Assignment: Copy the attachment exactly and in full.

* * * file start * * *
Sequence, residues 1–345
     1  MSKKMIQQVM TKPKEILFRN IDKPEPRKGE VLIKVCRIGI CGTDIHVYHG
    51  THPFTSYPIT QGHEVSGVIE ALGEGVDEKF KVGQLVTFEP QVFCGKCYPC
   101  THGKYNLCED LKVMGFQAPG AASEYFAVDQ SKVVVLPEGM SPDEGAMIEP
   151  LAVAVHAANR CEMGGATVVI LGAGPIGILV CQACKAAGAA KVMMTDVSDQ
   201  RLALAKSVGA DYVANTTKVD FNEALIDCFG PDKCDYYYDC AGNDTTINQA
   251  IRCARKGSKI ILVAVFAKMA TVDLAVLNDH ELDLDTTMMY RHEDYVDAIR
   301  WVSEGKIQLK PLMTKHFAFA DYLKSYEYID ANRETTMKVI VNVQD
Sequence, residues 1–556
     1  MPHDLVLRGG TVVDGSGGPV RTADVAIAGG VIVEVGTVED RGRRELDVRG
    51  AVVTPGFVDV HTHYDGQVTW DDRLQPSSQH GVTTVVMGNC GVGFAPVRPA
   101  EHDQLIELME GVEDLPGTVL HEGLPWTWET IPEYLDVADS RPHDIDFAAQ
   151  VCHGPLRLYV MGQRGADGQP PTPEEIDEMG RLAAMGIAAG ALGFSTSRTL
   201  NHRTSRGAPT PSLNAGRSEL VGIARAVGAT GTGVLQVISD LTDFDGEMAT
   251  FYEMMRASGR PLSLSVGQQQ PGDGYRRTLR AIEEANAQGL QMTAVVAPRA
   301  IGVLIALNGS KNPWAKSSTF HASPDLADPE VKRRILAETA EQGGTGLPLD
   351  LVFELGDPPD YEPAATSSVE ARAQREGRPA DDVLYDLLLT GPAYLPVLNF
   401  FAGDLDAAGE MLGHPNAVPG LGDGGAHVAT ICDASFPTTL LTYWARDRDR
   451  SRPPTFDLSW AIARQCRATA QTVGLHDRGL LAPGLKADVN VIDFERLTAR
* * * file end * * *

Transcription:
Sequence, residues 1–345
     1  MSKKMIQQVM TKPKEILFRN IDKPEPRKGE VLIKVCRIGI CGTDIHVYHG
    51  THPFTSYPIT QGHEVSGVIE ALGEGVDEKF KVGQLVTFEP QVFCGKCYPC
   101  THGKYNLCED LKVMGFQAPG AASEYFAVDQ SKVVVLPEGM SPDEGAMIEP
   151  LAVAVHAANR CEMGGATVVI LGAGPIGILV CQACKAAGAA KVMMTDVSDQ
   201  RLALAKSVGA DYVANTTKVD FNEALIDCFG PDKCDYYYDC AGNDTTINQA
   251  IRCARKGSKI ILVAVFAKMA TVDLAVLNDH ELDLDTTMMY RHEDYVDAIR
   301  WVSEGKIQLK PLMTKHFAFA DYLKSYEYID ANRETTMKVI VNVQD
Sequence, residues 1–556
     1  MPHDLVLRGG TVVDGSGGPV RTADVAIAGG VIVEVGTVED RGRRELDVRG
    51  AVVTPGFVDV HTHYDGQVTW DDRLQPSSQH GVTTVVMGNC GVGFAPVRPA
   101  EHDQLIELME GVEDLPGTVL HEGLPWTWET IPEYLDVADS RPHDIDFAAQ
   151  VCHGPLRLYV MGQRGADGQP PTPEEIDEMG RLAAMGIAAG ALGFSTSRTL
   201  NHRTSRGAPT PSLNAGRSEL VGIARAVGAT GTGVLQVISD LTDFDGEMAT
   251  FYEMMRASGR PLSLSVGQQQ PGDGYRRTLR AIEEANAQGL QMTAVVAPRA
   301  IGVLIALNGS KNPWAKSSTF HASPDLADPE VKRRILAETA EQGGTGLPLD
   351  LVFELGDPPD YEPAATSSVE ARAQREGRPA DDVLYDLLLT GPAYLPVLNF
   401  FAGDLDAAGE MLGHPNAVPG LGDGGAHVAT ICDASFPTTL LTYWARDRDR
   451  SRPPTFDLSW AIARQCRATA QTVGLHDRGL LAPGLKADVN VIDFERLTAR